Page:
- Festival Program
- 1994 FAF: The Bahamas
- The headdress is comprised of several components. Described from the bottom up: there is cardboard strip meant to go around the neck, several vertical strips of cardboard that would have covered the face, a crown with two appendages shaped like elongated fleur-de-lis’s extend on either side of the face, and a swan emerges from the crown. Each component is elaborately decorated with paint (coral, lite pink, white, indigo, green, and yellow), tinsel, half-spheres of Styrofoam, glitter (in the shape of snowflakes), and plastic jewels of assorted colors and shapes. From the crown, there are three additional crepe paper decorations: at the top there is an additional crepe paper decoration of a flower / star / sun with a large blue jewel at the center; on the back there is a flap extending at the base of the crown (which shields the neck and back of the head of the wearer); and on the top of the back of the crown is a design of three circles meeting at the center point on the crown. Finally, there is a black elastic attached to the inside of the headdress for fastening to a person’s head and the words "Puckas Cowbell" written in black marker.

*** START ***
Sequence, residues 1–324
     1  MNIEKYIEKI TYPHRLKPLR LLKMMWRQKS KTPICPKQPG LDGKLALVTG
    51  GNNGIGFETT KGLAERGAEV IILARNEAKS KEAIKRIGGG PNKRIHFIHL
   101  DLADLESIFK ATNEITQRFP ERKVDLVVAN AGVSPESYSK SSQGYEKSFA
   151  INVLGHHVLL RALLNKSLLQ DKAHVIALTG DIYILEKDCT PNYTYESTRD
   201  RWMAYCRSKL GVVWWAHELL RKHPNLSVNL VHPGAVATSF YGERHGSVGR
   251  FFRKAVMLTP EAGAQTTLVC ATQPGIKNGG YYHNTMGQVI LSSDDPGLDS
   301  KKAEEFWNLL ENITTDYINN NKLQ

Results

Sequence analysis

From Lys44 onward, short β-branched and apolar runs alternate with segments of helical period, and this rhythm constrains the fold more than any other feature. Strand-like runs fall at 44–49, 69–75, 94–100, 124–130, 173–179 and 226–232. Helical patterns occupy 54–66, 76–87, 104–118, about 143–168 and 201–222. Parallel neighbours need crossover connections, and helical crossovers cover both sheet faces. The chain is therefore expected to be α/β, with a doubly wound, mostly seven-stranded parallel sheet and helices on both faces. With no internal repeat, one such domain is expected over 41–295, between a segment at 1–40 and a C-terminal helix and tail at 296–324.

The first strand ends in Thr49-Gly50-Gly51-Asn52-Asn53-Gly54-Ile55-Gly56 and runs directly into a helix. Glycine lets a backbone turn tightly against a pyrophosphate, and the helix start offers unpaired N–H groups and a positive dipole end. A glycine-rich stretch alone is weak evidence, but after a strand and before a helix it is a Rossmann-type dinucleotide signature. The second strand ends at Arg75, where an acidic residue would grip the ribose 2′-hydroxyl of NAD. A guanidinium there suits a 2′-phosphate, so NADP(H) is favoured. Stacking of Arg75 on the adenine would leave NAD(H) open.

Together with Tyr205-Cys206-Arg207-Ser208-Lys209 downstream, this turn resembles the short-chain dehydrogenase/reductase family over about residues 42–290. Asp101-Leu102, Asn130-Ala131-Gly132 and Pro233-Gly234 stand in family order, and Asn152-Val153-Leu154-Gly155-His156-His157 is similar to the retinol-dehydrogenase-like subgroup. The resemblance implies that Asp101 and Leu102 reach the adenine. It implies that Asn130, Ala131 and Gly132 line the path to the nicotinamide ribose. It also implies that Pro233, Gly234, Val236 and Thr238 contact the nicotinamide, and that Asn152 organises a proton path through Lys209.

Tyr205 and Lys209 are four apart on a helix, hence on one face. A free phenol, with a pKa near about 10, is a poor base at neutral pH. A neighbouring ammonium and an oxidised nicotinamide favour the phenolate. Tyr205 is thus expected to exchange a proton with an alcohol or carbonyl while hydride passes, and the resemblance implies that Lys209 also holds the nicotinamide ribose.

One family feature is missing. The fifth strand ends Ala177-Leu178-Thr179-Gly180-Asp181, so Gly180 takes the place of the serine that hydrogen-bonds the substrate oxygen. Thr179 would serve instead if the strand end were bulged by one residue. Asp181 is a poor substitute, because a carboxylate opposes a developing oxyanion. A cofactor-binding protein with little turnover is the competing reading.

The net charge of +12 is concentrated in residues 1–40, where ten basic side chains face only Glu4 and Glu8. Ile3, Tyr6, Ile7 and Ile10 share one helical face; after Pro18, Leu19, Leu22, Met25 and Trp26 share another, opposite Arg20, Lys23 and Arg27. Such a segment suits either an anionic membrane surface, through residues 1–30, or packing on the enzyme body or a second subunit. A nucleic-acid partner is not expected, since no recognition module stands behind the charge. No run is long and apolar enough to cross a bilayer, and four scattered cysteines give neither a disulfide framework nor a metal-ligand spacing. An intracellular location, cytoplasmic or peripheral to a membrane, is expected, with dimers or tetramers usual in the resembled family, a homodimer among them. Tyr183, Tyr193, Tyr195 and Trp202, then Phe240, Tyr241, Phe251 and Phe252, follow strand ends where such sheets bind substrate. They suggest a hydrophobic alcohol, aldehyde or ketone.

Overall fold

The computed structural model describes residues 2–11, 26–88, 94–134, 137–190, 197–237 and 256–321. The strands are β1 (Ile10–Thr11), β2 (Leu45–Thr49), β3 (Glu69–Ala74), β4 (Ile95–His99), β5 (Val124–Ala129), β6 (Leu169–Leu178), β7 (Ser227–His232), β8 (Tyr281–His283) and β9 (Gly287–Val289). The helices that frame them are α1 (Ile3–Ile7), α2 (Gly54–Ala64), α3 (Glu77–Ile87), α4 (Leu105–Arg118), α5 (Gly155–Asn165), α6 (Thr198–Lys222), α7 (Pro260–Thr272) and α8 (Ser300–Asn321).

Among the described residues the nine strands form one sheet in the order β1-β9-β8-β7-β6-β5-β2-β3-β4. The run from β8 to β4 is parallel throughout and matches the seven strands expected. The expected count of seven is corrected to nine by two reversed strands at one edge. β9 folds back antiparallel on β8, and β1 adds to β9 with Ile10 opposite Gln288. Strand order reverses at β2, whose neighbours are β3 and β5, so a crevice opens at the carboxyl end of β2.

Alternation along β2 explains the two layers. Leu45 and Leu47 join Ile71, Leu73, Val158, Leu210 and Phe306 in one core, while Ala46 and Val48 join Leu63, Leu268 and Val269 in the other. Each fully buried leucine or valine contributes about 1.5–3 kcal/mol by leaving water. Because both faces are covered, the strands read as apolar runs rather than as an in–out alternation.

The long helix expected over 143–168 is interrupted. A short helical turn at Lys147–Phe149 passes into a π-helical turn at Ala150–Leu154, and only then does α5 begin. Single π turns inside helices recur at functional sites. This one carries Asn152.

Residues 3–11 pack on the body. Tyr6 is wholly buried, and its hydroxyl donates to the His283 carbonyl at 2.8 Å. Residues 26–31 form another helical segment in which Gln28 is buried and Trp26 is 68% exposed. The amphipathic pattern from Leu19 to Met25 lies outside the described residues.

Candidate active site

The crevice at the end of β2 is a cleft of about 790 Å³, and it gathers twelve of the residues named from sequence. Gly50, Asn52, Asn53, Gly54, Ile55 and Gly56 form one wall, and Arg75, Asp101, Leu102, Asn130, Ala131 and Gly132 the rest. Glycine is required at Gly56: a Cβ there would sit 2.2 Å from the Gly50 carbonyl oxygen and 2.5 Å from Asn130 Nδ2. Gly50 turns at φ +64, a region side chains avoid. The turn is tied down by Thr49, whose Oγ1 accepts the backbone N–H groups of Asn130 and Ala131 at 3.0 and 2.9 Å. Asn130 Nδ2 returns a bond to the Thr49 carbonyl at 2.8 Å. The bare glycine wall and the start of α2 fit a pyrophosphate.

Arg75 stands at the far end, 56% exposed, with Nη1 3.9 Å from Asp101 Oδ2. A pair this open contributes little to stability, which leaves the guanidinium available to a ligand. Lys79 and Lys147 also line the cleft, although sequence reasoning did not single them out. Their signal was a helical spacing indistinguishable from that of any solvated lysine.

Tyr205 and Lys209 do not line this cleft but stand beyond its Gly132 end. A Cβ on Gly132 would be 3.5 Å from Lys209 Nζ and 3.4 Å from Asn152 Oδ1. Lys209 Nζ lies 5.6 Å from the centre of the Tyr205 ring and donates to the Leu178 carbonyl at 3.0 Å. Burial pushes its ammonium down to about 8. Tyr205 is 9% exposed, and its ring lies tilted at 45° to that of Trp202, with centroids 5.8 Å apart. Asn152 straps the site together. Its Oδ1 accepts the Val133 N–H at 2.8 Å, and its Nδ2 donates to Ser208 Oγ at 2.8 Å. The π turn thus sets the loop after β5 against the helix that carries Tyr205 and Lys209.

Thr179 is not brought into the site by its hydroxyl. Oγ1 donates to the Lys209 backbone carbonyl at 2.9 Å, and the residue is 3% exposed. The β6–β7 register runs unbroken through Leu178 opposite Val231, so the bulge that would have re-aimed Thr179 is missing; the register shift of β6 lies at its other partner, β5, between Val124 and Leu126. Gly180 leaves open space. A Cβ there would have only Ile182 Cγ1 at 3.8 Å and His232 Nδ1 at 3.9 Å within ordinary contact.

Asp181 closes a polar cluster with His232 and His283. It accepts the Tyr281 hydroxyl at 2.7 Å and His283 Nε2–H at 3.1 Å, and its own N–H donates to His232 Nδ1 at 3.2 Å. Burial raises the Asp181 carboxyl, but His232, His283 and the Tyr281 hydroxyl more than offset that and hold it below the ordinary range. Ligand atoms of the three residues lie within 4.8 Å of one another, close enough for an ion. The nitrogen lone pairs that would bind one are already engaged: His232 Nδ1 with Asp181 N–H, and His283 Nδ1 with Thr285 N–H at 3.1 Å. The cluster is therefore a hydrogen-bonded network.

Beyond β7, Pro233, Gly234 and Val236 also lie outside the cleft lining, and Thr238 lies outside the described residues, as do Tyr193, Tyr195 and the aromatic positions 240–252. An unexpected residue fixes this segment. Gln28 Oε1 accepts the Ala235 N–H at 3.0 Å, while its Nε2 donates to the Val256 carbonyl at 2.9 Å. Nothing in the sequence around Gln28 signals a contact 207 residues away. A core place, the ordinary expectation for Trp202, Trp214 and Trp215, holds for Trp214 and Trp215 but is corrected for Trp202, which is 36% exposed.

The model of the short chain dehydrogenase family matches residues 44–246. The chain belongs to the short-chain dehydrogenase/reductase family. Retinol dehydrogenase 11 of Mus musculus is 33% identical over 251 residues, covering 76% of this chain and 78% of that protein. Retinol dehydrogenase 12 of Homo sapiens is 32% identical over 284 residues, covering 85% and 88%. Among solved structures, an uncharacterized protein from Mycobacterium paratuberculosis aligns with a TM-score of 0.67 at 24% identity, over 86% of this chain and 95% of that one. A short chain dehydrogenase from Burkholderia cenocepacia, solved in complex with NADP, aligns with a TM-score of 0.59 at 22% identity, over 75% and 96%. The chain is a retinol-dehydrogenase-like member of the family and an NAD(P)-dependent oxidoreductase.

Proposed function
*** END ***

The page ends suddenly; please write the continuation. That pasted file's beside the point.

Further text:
- Handmade; crepe paper painted onto cardboard
- Made before the Festival, but solely for the Festival. Used during the Junkanoo Parade Demonstration and left by a participant
- Exhibition History
- 50 Years | 50 Objects: Storied Objects from the Smithsonian Folklife Festival. June, 2017.
- Maker and Participant
- Nassau Junkanoo Contingent
- Nassau, The Bahamas, Caribbean
- See more items in
- Center for Folklife and Cultural Heritage Collection
- Data Source
- Center for Folklife and Cultural Heritage
- Object number
- Costumes & Masks
- Restrictions & Rights
- Usage conditions apply
- Paper (crepe paper and corrugated cardboard), Plastic (gems, glitter, sequins, tinsel), Fabric/Cloth (synthetic fabric lining)
- Record ID
- Metadata Usage
- Not determined
Related Object Groups
Thanks to Verizon for support of this Our Shared Future: Reckoning with our Racial Past project.